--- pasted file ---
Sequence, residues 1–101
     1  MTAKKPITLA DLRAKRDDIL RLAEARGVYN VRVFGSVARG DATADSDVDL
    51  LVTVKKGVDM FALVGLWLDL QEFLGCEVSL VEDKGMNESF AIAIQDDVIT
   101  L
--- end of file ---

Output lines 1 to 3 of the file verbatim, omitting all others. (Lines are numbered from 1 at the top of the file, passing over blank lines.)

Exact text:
Sequence, residues 1–101
     1  MTAKKPITLA DLRAKRDDIL RLAEARGVYN VRVFGSVARG DATADSDVDL
    51  LVTVKKGVDM FALVGLWLDL QEFLGCEVSL VEDKGMNESF AIAIQDDVIT